Scanning Instamatic 126 Format Slides


When scanning archives from the 1960s and 1970s, you may encounter 126 format "Instamatic" slides.

Most film scanners have sensors designed for the 36x24mm image area of conventional 35mm film (more formally known as 135 format). The image area for 126 film is 28x28mm, which is 4mm taller than most scanners can see. A flatbed scanner with good film support can get everything, but these are generally less effective than a dedicated film scanner.

I suspect that most people just satisfy themselves with the central 28x24mm portion of the Instamatic image, losing a 2mm band on the top and bottom. Most photos are framed so that the important details are in the center, but I use this procedure to capture the whole thing.

This only works for slides. You'll have to settle for a flatbed scanner if you have 126 negative strips.


This technique assumes that you have a scanner with a separate slide holder. This works well with my Primefilm-Reflecta 7200, and should work with Plustek or other scanners that uses a similar holder.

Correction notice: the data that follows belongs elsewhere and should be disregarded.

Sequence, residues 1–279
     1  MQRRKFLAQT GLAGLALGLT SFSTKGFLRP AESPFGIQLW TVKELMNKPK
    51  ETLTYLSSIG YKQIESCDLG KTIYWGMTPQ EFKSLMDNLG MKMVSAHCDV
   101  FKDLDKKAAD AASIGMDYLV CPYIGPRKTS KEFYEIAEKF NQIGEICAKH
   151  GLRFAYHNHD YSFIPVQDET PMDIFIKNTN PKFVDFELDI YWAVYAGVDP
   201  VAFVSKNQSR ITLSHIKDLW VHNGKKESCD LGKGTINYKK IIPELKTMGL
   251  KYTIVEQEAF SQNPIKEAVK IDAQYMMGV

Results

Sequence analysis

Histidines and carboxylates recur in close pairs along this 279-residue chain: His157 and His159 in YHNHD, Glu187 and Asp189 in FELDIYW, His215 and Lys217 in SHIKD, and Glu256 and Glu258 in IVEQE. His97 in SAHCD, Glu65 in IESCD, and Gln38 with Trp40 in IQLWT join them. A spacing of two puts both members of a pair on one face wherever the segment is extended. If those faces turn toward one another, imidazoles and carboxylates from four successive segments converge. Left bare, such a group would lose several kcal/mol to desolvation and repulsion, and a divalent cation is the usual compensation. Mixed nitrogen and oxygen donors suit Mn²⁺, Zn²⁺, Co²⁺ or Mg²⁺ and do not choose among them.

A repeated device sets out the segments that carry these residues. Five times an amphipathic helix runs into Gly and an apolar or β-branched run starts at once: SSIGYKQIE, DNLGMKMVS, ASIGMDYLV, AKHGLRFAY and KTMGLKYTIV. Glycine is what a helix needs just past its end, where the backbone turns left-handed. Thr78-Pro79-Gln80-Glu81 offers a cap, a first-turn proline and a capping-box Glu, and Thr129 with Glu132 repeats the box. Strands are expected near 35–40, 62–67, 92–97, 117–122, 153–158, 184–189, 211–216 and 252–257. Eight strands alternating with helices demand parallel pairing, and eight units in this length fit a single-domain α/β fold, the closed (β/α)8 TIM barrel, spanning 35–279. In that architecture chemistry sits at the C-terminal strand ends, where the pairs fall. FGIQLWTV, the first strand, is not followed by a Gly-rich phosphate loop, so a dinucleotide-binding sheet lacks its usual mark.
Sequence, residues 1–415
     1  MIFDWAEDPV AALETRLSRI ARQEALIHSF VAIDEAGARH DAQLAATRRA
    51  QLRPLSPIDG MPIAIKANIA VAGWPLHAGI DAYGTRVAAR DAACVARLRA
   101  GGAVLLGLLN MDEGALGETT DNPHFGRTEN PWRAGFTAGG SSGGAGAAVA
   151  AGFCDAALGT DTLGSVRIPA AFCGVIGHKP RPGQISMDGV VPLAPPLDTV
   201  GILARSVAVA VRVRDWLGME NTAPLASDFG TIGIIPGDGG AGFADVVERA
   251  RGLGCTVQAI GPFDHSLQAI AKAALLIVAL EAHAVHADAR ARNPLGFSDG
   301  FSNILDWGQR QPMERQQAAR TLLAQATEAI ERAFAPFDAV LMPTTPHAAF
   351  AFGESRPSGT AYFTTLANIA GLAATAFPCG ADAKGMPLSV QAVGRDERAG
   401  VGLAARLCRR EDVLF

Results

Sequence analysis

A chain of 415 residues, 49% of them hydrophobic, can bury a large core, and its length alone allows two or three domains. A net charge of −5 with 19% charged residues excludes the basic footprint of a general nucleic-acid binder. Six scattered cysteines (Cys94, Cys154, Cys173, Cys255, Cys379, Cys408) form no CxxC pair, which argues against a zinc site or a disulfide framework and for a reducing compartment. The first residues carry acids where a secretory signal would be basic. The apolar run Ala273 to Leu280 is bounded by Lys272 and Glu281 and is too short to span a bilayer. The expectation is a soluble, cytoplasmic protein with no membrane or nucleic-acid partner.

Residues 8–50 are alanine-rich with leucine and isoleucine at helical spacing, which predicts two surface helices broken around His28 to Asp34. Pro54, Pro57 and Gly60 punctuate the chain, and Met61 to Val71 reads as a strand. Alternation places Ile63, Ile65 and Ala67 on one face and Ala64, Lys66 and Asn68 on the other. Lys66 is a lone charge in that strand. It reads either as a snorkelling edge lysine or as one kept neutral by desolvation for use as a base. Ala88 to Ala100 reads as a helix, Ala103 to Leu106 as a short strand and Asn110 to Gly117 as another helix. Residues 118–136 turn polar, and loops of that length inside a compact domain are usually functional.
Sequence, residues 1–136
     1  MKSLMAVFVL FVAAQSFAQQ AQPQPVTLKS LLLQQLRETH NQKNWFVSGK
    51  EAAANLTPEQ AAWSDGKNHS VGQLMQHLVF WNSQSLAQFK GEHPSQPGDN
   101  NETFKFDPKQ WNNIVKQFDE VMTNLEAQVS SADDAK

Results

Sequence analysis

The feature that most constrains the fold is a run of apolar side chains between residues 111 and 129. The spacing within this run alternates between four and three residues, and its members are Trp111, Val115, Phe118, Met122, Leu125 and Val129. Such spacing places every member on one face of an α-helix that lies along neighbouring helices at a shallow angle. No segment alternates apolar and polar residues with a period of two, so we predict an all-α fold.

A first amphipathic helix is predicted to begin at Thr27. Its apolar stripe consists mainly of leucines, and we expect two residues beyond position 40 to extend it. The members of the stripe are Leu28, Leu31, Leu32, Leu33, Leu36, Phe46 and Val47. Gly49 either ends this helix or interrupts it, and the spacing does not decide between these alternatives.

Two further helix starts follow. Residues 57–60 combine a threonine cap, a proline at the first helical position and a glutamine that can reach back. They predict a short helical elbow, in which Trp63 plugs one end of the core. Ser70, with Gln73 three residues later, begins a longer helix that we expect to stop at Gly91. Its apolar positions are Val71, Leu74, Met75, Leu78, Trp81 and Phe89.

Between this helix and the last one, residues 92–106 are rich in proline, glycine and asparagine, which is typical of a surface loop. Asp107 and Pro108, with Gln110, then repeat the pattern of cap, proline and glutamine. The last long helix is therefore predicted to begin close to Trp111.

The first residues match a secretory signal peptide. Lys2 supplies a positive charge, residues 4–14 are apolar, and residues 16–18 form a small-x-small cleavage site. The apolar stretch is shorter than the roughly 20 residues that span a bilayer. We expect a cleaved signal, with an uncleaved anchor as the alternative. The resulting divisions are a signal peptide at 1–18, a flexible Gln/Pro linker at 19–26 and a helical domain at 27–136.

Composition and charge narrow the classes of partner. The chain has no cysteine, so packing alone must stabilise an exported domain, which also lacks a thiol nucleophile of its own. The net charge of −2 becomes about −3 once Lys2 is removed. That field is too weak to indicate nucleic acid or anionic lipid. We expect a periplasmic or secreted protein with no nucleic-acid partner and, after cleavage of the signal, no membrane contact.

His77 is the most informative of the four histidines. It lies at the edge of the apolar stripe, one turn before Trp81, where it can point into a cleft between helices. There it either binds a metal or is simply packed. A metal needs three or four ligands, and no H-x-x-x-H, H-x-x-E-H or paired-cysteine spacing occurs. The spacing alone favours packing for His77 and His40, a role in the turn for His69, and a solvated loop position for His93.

There is usually some slack so that you can shift the slide a bit, which lets us scan the whole slide in two passes, then manually merge the results.

Start with a normal 35mm slide. Insert it in the holder and then mark guides on each side of the holder at the edge of the image area. We know that the sensor in the scanner can see at least to this point.

Next, use these guides when inserting a 126 slide. If you insert the 126 slide fully, the top 2mm of the image will be out of range, so shift the slide down slightly so that the top edge of the film aligns with your guides.

Scan the slide to capture the top-most part of the image, then remove, rotate 180° and repeat the process to scan the bottom-most part.

Sew both images together in Photoshop and crop. The details below discuss how to keep the scanning parameters consistent between passes so that it is easier to merge the images.


In order to maintain consistency between scans, I follow the steps below. These are described in terms of VueScan, but there should be similar capabilities in whatever you are using to drive your scanner.